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Vowel reduction and deletion in Palauan

This study investigates vowel reduction, as in (1) and vowel deletion, as in (2) in the Palauan language. These have been observed and discussed in several previous studies, but there are limited examinations in the framework of the Optimality Theory (OT). A comprehensive examination of such phenomena in the generative phonology framework occurs in Flora (1984), while an attempt using OT is observed in Zuraw (2003). In Zuraw’s analysis, unstressed vowels delete unless the deletion would create a word- initial triconsonantal cluster, whilst vowel reduction is explained with high-ranking constraints that disprefer sonorous unstressed vowels. However, there are other cases of vowel reduction and deletion that Zuraw fails to account for. Thus, the goal of this study is to further the discussion of Palauan vowel reduction and deletion building on Zuraw’s analysis. All data analysed in this study are taken from Flora (1984).
(1) /mada/ ‘eyes’ [mədál] ‘his eyes’ [mədák] ‘my eyes’ [mədəcám] ‘our eyes’ 
(2) /mada/ - [mád] ‘eyes’ /keri/ - [kér] ‘questions’
Both vowel reduction and deletion are closely related to the stress pattern in Palauan. If a word is unsuffixed, the stress is found on the penultimate stem vowel, whereas if a word is suffixed, the stress is on the rightmost vowel. The stress pattern is accounted for using three markedness constraints: ALIGN (Suffix, R, PrWd, R), NonFinality and GrWd=PrWd.
In general, vowels reduce to schwa when unstressed. Five markedness constraints are thereby proposed corresponding to the five full vowels in Palauan: *Unstressed i, *Unstressed u, *Unstressed e, *Unstressed o, and *Unstressed a. However, there are some cases where unstressed full vowels remain unchanged rather than reducing to schwa, as in (3). One additional markedness constraint *Prefix Stress and a faithfulness constraint Ident-Prefix are helpful in such instances.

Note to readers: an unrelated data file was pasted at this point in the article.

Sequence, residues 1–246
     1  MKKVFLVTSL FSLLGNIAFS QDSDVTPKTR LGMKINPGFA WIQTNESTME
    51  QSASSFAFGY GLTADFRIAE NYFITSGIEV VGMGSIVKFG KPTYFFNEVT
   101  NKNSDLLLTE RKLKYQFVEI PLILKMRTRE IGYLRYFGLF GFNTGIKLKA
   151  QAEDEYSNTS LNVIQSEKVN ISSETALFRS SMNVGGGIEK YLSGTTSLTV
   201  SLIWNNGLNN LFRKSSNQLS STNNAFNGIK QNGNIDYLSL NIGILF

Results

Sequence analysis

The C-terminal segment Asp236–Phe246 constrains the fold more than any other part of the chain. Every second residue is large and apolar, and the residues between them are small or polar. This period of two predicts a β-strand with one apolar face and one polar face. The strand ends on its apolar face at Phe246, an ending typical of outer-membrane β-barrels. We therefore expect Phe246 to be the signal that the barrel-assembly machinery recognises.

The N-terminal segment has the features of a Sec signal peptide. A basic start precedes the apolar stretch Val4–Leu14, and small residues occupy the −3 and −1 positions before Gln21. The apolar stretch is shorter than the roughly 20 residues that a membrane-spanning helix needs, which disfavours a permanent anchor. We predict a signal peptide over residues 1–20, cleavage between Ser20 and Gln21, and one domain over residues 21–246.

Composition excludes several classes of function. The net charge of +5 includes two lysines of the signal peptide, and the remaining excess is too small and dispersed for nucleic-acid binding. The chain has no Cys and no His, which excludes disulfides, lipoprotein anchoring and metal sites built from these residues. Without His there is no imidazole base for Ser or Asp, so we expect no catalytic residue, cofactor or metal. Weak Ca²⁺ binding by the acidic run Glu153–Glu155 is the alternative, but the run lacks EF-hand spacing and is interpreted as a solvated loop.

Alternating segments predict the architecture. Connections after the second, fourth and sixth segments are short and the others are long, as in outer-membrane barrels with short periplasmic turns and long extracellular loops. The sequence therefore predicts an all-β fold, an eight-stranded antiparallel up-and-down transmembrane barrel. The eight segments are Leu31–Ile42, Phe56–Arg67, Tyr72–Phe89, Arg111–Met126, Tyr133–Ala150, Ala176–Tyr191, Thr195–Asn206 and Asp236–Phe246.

(3) /o-lamk/ - [olámk] ‘razor’ /o-lamk-e-k/ - [oləmkék] ‘my razor’
Vowel deletion is observed in two circumstances. First, vowels are deleted word-finally in some cases, as in (2), while in other cases word-final vowels fail to delete, as in (5). Such discrepancies can be justified by proposing five more constraints: *V]#, Align (Stem, R, Foot, L), *Unstressed ə, Max-IO (a/o/e) and Ident-IO. Second, unstressed high vowels are deleted, as in (6), with some exceptions shown in (7). Three more constraints are proposed in this case: Max-u, Max-i, and *Complex Onset.
(5) /m-dobaʔ-a/ - [mədəbəʔá] ‘to halve’ Perfect Middle Inchoative 
(6) /o-rusu-e-k/ - [orsúk] ‘my needle’
     /m-tamik-a/ - [mətəmka ́] ‘to shave’ Perfect Middle Inchoative
(7) /ʔilt-e-k/ - [ʔilték] ‘my ointment’
This study improves upon Zuraw’s work and accounts for cases such as unstressed vowels remaining unchanged, unstressed vowels reducing to schwa even if its deletion would not have produced consonantal clusters, and the deletion of word-final stem vowels. This study serves as a preliminary step for an in-depth investigation of the vowel patterns in Palauan. Furthermore, since the synchronic vowel changes discussed in this study appear to be strikingly similar to the historical vowel changes observed in Blust (2009), this study suggests that the relationship between synchronic and diachronic changes in Palauan warrants further investigation.

Blust, R. (2009). Palauan historical phonology: Whence the intrusive velar nasal? Oceanic Linguistics,
48(2), 307–336.
Flora, J. (1984). Schwa in Palauan. In B. W. Bender (Ed.), Studies in Micronesian Linguistics (pp. 149- 164). Pacific Linguistics.
Zuraw, K. (2003). Vowel Reduction in Palauan Reduplicants. In A. Rackowski & N. Richards (Eds.), Proceedings of the Eighth Annual Meeting of the Austronesian Formal Linguistics Association (pp. 385–398). Cambridge: MITWPL #44.